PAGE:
As a water governance practitioner, I aspire to create platforms of exchange, discussion, and debate between different stakeholders to facilitate participatory and democratic decision-making that addresses growing environmental challenges faced by the world today. While technical experts have made vast progress in developing engineering solutions for problems of environmental degradation and climate adaptation, there is an increasing awareness of the limits of technocratic approaches to resource management. Simultaneously increasing is an awareness of the need to incorporate experiences and perspectives of those most affected by the changing climate, including farmers and fishers. To achieve this, there is a need to develop equitable platforms of knowledge exchange and co-production which can pave the way for just pathways to sustainability. With this goal, through my research at IHE Delft, I have been documenting perspectives of women from indigenous fishing communities on protection of coastal wetlands of Chennai in south India. Further, I intend to design an awareness campaign about the crucial role of coastal wetlands in flood management and food security, increasing development pressures faced by wetland ecology, as well as the role of women from indigenous fisher communities in sustaining wetlands. To kickstart this campaign, I am collaborating with Chennai-based filmmaker, Bhargav Prasad, to produce a film called “Fight with Care”.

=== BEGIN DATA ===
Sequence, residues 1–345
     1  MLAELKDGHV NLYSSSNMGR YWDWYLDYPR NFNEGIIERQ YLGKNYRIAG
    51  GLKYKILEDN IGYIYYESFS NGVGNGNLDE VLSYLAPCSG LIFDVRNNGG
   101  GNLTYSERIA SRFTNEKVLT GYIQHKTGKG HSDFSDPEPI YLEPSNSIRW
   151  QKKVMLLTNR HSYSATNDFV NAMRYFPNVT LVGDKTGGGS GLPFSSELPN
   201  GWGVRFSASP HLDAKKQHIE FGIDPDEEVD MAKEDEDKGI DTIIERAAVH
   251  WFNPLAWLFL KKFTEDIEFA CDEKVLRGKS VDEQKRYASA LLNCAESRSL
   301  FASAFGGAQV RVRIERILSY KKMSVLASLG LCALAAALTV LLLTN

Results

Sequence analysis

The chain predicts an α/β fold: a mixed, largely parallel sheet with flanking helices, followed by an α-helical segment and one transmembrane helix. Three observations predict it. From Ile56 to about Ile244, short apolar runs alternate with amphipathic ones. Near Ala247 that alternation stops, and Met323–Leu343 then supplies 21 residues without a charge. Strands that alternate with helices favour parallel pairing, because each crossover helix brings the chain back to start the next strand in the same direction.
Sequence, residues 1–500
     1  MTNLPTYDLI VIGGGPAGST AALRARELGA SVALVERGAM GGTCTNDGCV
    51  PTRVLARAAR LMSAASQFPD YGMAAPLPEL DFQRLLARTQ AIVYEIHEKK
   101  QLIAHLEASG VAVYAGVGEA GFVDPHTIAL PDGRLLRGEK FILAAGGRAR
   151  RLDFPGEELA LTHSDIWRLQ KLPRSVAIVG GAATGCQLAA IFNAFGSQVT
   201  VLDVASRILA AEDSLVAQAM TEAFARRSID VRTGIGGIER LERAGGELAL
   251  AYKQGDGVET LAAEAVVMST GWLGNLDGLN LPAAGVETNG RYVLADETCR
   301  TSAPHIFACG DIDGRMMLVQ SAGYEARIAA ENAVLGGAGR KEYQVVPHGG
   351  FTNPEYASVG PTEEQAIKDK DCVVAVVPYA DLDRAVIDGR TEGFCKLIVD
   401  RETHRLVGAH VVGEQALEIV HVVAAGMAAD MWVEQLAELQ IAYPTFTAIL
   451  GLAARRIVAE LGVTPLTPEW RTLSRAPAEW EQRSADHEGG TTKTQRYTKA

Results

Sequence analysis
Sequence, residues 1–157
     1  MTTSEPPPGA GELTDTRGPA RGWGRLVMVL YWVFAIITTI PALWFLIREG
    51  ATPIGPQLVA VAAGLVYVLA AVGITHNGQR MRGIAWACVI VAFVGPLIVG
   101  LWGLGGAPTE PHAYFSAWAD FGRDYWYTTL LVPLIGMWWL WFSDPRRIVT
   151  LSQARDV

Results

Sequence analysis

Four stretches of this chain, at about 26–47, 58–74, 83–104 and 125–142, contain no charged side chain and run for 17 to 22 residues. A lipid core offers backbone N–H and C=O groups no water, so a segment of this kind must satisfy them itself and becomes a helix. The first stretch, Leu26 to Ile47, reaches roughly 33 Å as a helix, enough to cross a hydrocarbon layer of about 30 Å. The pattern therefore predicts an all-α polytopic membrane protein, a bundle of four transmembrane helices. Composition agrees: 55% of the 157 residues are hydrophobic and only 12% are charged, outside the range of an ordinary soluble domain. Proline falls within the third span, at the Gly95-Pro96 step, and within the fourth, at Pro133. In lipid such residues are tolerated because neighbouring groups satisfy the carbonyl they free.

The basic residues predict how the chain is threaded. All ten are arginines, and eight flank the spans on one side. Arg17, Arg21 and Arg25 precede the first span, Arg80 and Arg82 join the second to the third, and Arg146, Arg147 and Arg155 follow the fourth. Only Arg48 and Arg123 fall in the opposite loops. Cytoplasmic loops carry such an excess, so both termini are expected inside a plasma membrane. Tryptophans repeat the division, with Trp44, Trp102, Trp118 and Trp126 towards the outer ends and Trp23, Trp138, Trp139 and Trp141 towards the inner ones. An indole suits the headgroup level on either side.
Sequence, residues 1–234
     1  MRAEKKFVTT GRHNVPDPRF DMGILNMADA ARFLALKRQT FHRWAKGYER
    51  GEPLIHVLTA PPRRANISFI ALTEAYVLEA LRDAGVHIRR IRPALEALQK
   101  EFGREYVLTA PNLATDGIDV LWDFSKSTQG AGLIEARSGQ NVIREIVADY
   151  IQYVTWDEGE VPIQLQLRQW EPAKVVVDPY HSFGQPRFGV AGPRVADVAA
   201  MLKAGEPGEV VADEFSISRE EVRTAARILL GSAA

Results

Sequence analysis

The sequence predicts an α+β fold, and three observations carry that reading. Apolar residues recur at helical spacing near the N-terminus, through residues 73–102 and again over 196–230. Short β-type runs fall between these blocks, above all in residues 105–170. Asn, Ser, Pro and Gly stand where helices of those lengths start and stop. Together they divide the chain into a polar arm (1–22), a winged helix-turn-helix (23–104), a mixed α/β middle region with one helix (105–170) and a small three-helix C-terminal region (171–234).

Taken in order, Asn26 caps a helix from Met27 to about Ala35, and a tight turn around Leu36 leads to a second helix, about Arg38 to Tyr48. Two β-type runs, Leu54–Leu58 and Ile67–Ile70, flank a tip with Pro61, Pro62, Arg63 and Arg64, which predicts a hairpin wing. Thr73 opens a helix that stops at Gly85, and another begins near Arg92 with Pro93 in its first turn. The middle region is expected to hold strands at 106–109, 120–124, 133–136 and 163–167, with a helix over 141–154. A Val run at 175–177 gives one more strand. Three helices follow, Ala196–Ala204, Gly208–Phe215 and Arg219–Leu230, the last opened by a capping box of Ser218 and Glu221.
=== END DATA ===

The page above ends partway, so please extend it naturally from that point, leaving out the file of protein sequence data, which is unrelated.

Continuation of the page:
This film seeks to portray the lives of women from indigenous fishing communities living for generations on the coastal wetlands of Chennai. It shines light on the many ways that women contribute to the artisanal fishing economy, supporting the lives of their families and communities through mostly unpaid and undervalued labour. Today, as women from fishing communities organize as groups to rally for the protection of their coastal environment and ecology on which they intimately depend for their livelihood, their valuable perspectives need to be heard on wider platforms. The film “Fight with Care” brings forward two major themes; the first is the rising pressures of development, such as encroachments and industrial pollution, on the fragile coastal wetlands of Chennai, as well as the ways in which local communities are resisting, or fighting, these pressures. The second is the invaluable care-work offered by women of indigenous communities, that has facilitated life on the wetland for generations, and offers an alternative way to understand and value the wetland ecosystem.
Through the making of this film, we aim to amplify the voices of women fishers campaigning for wetland protection in Chennai. Additionally, we aim to spark debates and discussions about the value of wetlands, their rapid disappearance from the earth’s surface, and the implications of that on climate change. Further, we wish to blur lines between pursuits of environmental and social justice by bringing together issues of environmental degradation, economic growth, gender, and caste. Such a film would inspire transdisciplinary research in water and environmental governance.